OMG Not Another TODO List Application entries/omg-not-another-todo-list-application My wife and I needed a collaborative shopping list that we could update from our phones. There are proprietary solutions to this but after some research I was surprised to discover that there is no Free Software application that meets the following criteria:

  • Web based.
  • Easy to deploy.
  • Self-hosted & FLOSS.
  • Allows multiple people to update a list.
  • Simple text based format for easy editing.
  • Mobile friendly - "Add to Home Screen" webapp.
  • Satisfies the single use-case of collaborative TODO editing.

Of course I built one with ClojureScript.

Screenshot of 

We've been using this "in production" for 3 months and so far it fills our need without issue.

  • Authentication can be accomplished with a .htaccess file or similar.
  • The text-file format is designed so that you can edit lists with a text-editor directly if you want to.
  • If you want to support multiple users you can set up two instances in two different folders and symlink the textfile of the list you want to share between them. Each folder can have its own authentication.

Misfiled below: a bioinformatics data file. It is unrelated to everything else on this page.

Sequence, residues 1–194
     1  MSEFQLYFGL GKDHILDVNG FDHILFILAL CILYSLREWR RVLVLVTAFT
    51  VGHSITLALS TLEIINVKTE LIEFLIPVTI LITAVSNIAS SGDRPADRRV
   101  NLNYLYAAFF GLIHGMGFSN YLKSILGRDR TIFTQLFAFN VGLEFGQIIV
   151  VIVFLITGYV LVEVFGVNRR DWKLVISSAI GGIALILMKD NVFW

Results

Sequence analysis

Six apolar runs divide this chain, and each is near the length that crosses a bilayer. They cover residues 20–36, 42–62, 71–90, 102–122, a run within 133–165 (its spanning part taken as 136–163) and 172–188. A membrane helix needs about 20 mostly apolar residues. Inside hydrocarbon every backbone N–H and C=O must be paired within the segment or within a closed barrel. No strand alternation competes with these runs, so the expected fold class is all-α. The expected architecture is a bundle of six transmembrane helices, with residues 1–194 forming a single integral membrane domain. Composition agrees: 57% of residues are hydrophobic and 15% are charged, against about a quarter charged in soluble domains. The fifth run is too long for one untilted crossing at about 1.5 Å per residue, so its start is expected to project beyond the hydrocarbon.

• You can also do other textfile things like make a symlink into a Syncthing folder which enables you to modify your TODO lists on your laptop or server as well as through the web app.

The realtime updating is accomplished via long-polling. Primarily I used this instead of websockets because when it comes to browsers, older tech is more robust to different operating environments than newer tech.

I resorted to using PHP for a very lightweight server backend because it has the property that basically anybody with web hosting is able to upload a PHP script and I think it's good to give software as egalitarian a deployment surface as possible. Luckily it is only 150 lines of not-too-painful PHP.

Click here to get the source and download/install it.

/tags/all Sat, 28 May 2016 01:29 GMT
Treehouse Building entries/treehouse-building DSC_0381.png DSC_0386.png DSC_0387.png smssecure-2016-05-07-141043.png DSC_0407.png DSC_0392.png

Couple of weekends ago Jessee and Chris came over and we made this free-standing tree-house-like platform thing for Scout and Orson out of some wooden palettes I'd collected during the preceding week.

When I say "we made" of course I mean they made it and wisely only let me touch one or two power tools during the course of construction.

/tags/all Sun, 22 May 2016 11:01 GMT
Some Isometric Sprites entries/some-isometric-sprites Ship



Tree #1

Tree #2

Mandarc side view

These are some video game style isometric and side view renders of previous 3d work I did:

/tags/all Fri, 08 Apr 2016 05:58 GMT
Corn & Zucchini entries/corn-amp-zucchini- DSC_0129.JPG DSC_0054.JPG

Wrong time of year but we'll see what happens.

/tags/all Sun, 27 Mar 2016 01:52 GMT
Mccormick Family Photo 2016 entries/mccormick-family-photo-2016 smssecure-2016-03-11-184134.jpeg